The other brothers of Monoxilitis suspected nothing of this. One morning after the service as they were preparing for their work, stones suddenly began falling on them from the forest above. Luckily for them and for the property of the Metochion, they suffered no harm. They waited a while - some passers-by, apparently, had an appetite for jokes. But when they began their work again, stones started flying from behind them. Then they understood that something serious was happening, and they took refuge in the church. They did not dare to leave it, for as soon as they did so the stoning would start again. Stools, wooden forms for the monastic skoufias, and other objects were hurled through the air. Their dog was thrown three meters down from where he had been lying.
Soon some policemen who had been notified came from Karyes. They searched the area and shot volleys in the direction the stones came from. Finally they realized this was not the work of men, but of unseen enemies.
Then the novice Athanasius came forward and explained the cause of the mischief.
"To completely persuade you," he finished, "let me go by myself over there to the little church of St. Artemius, and you'll see that stones will follow me."
This is what happened. The stones fell all around him, but without hitting him.
After the demonstration they isolated him in the church. The steward of the Metochion, Fr. Porphyrius, sent a letter asking for a boat from the Monastery. From the moment Athanasius left the church until he disembarked at the harbor of the Monastery, terrible things happened. It is a wonder that the boatman did not faint from terror. "The stoning did not cease on the sea, even though they were a distance from the shore. The stones kept falling, but fortunately around the boat, without doing any damage" (Gabriel of Dionysiou, The New Evergetinos, p. 65).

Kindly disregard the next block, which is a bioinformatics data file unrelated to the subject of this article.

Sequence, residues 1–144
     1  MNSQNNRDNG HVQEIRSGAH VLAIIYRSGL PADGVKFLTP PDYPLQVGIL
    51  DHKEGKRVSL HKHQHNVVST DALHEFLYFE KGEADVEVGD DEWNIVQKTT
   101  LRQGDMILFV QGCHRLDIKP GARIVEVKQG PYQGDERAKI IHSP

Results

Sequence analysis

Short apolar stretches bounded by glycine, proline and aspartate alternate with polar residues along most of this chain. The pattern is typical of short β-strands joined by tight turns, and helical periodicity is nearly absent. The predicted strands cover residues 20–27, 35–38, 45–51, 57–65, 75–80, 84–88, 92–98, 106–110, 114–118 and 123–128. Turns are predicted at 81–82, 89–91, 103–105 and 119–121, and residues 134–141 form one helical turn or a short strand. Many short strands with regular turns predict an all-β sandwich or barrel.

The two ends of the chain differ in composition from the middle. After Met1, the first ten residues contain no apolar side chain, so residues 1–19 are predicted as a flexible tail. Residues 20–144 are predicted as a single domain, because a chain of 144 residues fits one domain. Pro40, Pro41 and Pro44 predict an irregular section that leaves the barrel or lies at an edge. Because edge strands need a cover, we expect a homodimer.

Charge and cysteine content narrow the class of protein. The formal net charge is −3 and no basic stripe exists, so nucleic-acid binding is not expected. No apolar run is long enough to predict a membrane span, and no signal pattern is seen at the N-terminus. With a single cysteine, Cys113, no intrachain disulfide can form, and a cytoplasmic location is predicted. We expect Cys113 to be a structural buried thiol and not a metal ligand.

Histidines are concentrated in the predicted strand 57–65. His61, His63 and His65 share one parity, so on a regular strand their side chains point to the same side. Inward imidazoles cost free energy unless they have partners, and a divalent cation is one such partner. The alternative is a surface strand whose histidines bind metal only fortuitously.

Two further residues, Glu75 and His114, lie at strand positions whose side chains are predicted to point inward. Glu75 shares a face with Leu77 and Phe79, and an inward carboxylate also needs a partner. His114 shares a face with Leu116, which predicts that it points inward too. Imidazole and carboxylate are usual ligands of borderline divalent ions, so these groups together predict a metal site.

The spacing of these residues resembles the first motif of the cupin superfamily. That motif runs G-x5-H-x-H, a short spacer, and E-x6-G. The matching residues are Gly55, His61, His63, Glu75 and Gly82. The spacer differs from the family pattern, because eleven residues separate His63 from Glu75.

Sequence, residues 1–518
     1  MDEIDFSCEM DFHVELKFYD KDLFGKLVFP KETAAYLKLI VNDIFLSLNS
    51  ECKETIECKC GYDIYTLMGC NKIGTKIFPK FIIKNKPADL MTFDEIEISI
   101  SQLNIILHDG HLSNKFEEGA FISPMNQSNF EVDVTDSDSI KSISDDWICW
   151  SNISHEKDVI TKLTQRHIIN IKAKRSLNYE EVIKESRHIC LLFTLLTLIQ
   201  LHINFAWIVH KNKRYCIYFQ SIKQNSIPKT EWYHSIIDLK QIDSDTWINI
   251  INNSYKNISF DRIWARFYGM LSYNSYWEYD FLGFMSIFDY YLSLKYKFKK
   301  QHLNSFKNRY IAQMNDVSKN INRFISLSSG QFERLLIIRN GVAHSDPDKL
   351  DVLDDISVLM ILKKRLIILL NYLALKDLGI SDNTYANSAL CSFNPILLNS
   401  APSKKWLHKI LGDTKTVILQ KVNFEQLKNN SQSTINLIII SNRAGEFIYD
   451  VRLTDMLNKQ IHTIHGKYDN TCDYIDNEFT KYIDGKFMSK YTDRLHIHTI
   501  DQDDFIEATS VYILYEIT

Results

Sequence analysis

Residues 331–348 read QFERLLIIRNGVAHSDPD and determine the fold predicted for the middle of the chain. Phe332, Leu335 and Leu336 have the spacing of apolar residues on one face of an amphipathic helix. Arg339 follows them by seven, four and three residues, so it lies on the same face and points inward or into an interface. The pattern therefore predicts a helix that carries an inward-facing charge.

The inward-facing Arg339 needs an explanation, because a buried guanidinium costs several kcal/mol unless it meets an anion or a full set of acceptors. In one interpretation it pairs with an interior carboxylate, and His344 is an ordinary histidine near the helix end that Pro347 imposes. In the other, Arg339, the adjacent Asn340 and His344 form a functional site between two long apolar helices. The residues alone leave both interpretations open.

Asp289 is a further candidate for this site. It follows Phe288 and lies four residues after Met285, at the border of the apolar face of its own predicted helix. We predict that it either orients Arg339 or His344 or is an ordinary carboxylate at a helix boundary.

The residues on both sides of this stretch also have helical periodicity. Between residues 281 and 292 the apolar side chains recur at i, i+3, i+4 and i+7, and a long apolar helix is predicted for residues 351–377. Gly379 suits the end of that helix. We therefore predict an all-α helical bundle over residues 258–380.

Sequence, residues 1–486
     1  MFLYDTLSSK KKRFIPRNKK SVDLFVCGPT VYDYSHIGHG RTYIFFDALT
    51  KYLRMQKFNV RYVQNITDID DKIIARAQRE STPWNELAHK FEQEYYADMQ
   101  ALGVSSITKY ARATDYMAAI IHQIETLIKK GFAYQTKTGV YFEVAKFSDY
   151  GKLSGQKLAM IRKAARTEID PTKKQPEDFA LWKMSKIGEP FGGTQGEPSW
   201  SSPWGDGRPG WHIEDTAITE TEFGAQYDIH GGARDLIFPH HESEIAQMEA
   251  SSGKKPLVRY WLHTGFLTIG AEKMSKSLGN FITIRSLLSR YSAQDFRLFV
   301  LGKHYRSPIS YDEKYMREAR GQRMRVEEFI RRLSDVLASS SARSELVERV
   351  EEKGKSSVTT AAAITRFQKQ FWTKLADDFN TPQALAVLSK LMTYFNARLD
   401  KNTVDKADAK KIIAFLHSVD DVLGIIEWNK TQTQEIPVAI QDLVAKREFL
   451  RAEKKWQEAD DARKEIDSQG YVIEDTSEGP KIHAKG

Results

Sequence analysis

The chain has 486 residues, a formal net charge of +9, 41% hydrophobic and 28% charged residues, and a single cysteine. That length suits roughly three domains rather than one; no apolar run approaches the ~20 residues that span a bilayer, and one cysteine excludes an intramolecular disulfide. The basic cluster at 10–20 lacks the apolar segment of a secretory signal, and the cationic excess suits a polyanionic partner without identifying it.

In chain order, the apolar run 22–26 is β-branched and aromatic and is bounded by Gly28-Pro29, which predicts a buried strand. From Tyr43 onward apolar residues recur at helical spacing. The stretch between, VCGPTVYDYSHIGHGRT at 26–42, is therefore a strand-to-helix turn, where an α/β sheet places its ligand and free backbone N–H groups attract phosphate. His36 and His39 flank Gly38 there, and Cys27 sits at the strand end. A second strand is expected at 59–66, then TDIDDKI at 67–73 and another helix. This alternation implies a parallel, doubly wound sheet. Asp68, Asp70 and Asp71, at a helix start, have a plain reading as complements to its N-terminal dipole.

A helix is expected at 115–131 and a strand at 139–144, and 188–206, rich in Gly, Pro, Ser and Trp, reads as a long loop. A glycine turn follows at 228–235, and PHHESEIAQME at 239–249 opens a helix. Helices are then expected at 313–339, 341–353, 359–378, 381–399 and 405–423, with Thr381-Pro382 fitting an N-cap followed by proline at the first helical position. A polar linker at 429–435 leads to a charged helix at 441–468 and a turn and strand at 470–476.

Between the shore and the courtyard of the Monastery, all was quiet. This encouraged several people to call it an illusion. A sudden shower of stones from a nearby tower, however, silenced them.
The Council of Elders, which assembled immediately, made the decision "to send the novice to the God-bearing Elder, Fr. Sabbas ... so that he may deliver him." The general conviction of the fathers was that the prayers of Fr. Sabbas could flog the evil spirits.
The Kalyve of the Resurrection underwent a week of hard trials. There was an atmosphere of war - an open war between the powers of light and darkness. There was continuous, deafening noise. Enormous boulders came loose from the nearby cliffs, flying by and over the Kalyve, and hurtling with terrible crashes down the nearby precipice into the sea. Fierce voices uttering blasphemous words disturbed and sullied the area. And there were insults - unwonted insults against all monks, and especially against the confessor. All the stench of Hades revealed itself.
The man of God, disregarding his deep old age (he was then in his last years), gave himself up to great struggles. For a whole week he kept a complete fast, praying continually. "This kind goes not out but by prayer and fasting" (Matt. 17:20). His compassionate heart could not endure seeing God's creation undergoing such tyranny.
At the end of the week, the Elder, with steadfast, unwavering faith in the Resurrected Lord, approached the sufferer. The evil spirit became agitated.
"I banish thee, ... O unclean spirit ... by God Who created all things by His word, and by our Lord Jesus Christ ... Fear, begone, flee, depart from the servant of God Athanasius ... Depart to the dry, deserted, uncultivated places...."
And thus it happened. It seemed as though something came out from Athanasius' mouth. The undesirable occupant disappeared, "like smoke vanishes". The words uttered by the Spirit-bearing mouth of Fr. Sabbas struck the demon like a flaming sword. Instantly the novice became calm and quiet, sighing with relief. Out of boundless joy and gratitude he fell at the feet of the confessor, kissing them and moistening them with tears.6
"O Saint of God, you have saved me, you have taken away the horrible weight. Oh, thank you! You rescued me from the dreadful serpent. Glory be to Thee, my God!"
Athanasius stayed with his physician for several more days. By his advice, he went to the Skete of Koutloumousiou, where he remained. Fr. Habbakuk - the name he received at his tonsure - is distinguished among the fathers by his austere ascetic life. He never forgot the unforgettable Elder who had saved him from the power of the devil.
2. John Sanidopoulos, The Rise of Bogomilism and Its Penetration into Constantinople, p. 56.
6. Archimandrite Cherubim, Contemporary Ascetics of Mount Athos (vol. 2), pp. 432-436.